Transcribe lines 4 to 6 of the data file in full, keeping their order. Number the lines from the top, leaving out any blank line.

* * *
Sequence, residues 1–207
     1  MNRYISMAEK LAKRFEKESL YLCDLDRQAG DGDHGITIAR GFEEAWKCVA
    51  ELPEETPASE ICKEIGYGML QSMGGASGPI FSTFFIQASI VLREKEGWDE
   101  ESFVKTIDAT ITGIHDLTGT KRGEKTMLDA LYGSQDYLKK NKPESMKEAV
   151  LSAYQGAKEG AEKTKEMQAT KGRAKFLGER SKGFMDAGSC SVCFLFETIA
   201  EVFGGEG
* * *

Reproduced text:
   101  ESFVKTIDAT ITGIHDLTGT KRGEKTMLDA LYGSQDYLKK NKPESMKEAV
   151  LSAYQGAKEG AEKTKEMQAT KGRAKFLGER SKGFMDAGSC SVCFLFETIA
   201  EVFGGEG